What I found most amazing about Cheryl Strayed’s story is the origin of her surname.  When her divorce papers asked her to select her post-divorce name, Cheryl wondered at first if she should return to to her maiden name or hold on to her married name.  But after some research revealed a hole in her state law, Cheryl saw a name change as a potential game changer for her.

So instead of choosing between the two names in her personal history, she started afresh and selected something new.  Acknowledging that she’d made some hefty mistakes, Cheryl chose the surname Strayed. She felt that it was a fitting, given her life’s course so far.

But, instead of seeing her new name as proof of unchangeable destiny, she used her new name to become self-sufficient, braver, and to ultimately become more rooted in herself.

Names do have power.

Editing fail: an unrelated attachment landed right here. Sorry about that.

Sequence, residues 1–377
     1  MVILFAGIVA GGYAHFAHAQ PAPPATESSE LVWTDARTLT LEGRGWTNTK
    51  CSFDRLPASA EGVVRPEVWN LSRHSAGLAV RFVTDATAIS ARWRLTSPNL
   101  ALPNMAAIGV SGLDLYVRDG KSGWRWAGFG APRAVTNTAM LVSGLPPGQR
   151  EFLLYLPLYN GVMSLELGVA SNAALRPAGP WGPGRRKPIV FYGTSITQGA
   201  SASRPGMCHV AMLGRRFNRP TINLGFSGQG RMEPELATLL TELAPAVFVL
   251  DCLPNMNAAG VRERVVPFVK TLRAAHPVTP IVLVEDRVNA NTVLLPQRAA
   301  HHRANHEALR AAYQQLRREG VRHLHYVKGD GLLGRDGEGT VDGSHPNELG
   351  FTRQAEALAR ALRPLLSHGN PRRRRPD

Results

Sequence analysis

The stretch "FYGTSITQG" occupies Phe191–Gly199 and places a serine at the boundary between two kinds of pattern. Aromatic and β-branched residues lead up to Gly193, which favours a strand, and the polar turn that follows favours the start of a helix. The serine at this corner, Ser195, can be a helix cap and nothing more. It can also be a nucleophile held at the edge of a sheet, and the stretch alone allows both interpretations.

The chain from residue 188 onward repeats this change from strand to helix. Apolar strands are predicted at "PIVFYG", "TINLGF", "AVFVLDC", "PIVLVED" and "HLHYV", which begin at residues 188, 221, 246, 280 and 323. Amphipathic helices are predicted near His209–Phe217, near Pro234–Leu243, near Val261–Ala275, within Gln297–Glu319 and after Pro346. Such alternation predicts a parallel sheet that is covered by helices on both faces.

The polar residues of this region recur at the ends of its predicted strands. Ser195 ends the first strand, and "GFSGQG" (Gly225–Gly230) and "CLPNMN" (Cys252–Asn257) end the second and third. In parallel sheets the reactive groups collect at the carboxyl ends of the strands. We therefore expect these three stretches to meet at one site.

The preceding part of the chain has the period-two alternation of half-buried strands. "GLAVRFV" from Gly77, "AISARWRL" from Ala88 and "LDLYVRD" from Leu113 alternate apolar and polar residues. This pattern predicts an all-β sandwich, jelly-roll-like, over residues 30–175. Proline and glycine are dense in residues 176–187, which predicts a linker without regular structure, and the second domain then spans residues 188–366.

So embrace your name. Let it root you and make you strong. If you are a woman marrying, don’t feel obliged to take your husband’s name. While only ten percent of American women keep their maiden name after marriage, it is your name and identity to choose. Choose what works for you.

For me, my own name(s) have given me a great sense of self, family, and community.  As a Dunne, I am connected to my Irish heritage and to my wacky and wonderful Dunne cousins.  I am the Dunne woman who was once a Dunne girl from Oak Valley, a girl with Dunne siblings.

As Lisa Dunne-Jackson, or Mrs. Jackson to the neighborhood kids, I am connected too.  I am part of the giant, loyal, kind and funny Jackson family and I am part of a warm and engaged vibrant community.